“Rates for Mining Property Damage & Business Interruption (PD/BI) insurance are likely to soften in 2010, but could harden again should this volatile sector experience a catastrophic loss, according to the latest Mining Market Review from Willis Group Holdings.
Willis released the report at Mining Indaba 2010, the annual conference for natural resource professionals, being held in Cape Town, South Africa.
Willis described a “calm return to the mining insurance sector” in 2009 “after the unprecedented $3.5 billion in property claims – mainly the result of the commodity cycle boom – sent the market reeling in 2008.”
Steve Higginson, Willis Mining Co-Practice Leader, observed: “Last year was below average from a loss perspective, with claims totaling $400 million. Although the perils are no less significant, this has afforded a moment for the mining insurance market to take stock.”
Andrew Wheeler, Willis Mining Co-Practice Leader, added: “While we expect to see the emergence of a buyers’ market for mining in 2010, the huge losses of 2008 remain fresh in underwriters’ minds. Should we sustain a significant natural catastrophe event or considerable machinery, property and business interruption losses, the rates in the Property market may well spike again.”
Willis identified the “return of rising commodity prices and the resulting increase in exposure, together with the continuing change in climate conditions,” as the main concerns for mining underwriters in 2010.
The report singled out “four major factors on underwriters’ minds” as follows:
— De-bottlenecking – Insurers are putting pressure on clients to implement initiatives that change certain aspects of the production process to reduce delays, gain efficiencies, and increase throughput in the mining process, including limiting Supplier of a Supplier exposure.
— Natural catastrophe capacity – After the market shock of 2008, capacity is returning to the operational mining business, with at least three new markets writing non-proportional business. However, the level of capacity supply going into 2010 remains below the level of demand in natural catastrophe-exposed areas. Capacity remains tight for Earthquake and Rain Event and Flood insurance, especially for open-cut operations.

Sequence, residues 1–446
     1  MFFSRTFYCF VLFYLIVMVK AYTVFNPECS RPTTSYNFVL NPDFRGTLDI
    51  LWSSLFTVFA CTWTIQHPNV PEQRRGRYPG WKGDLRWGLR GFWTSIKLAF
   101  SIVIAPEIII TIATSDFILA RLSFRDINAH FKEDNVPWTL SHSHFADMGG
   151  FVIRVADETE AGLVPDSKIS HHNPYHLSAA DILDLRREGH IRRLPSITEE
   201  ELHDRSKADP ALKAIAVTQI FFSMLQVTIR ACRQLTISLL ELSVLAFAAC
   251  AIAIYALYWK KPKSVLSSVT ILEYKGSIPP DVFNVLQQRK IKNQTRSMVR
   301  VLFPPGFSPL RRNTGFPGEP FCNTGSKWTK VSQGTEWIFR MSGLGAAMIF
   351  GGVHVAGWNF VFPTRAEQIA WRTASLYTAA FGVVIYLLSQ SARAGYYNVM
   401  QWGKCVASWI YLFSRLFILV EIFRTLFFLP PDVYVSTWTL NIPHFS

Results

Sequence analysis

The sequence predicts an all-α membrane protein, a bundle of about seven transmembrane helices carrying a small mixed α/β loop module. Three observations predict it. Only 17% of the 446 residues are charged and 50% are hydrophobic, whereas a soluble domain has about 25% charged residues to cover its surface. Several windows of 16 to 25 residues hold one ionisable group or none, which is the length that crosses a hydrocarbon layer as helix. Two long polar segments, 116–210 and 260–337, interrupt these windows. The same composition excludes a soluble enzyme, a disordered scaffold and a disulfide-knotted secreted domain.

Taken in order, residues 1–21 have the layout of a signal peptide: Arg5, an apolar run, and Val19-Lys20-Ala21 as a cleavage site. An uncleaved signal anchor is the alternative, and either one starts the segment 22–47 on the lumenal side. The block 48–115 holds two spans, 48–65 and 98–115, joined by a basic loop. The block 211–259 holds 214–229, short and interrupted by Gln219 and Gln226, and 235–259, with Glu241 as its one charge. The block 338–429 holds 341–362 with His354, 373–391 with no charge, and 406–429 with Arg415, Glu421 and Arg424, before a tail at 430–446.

— Commodity prices – Rising prices have resulted in increased exposure for underwriters. Willis predicts that price caps will be back in vogue in 2010 to provide underwriters with more certainty. If commodity prices return to 2008 levels, though, large placements may find capacity once again restricted.
— Market security – Many buyers continue to syndicate their risks to a wider range of reinsurers rather than to a single large capacity provider.
Other key findings in the report included:
— Total PD/BI capacity in this sector is now estimated at $1.75 billion.
— The mining construction sector produced positive results for insurers in 2009. With few losses affecting the onshore construction insurance market, rates and premiums are softening as new entrants have joined the market to bring global capacity to approximately $2.7 billion.
— Since the start of the credit crunch, Willis says that there have been between $2 billion and $4 billion in Political Risk claims emanating from the mining industry. These have been concentrated in Ukraine and Kazakhstan but have also been seen in Brazil, Bahrain, Indonesia and Bolivia.
— A number of Political Violence claims for mining assets were made in 2009, particularly in South America. This has resulted in reduced capacity and increased premiums that are contrary to the overall Terrorism and Political Violence market, which is softening.
Willis “Mining Market Review 2010” is available in PDF form at: http://www.willis.com/documents/publications/Industries/Mining_and_Metals/Willis_Mining_Market_Review_2010.pdf
Source: Willis Group Holdings – www.willis.com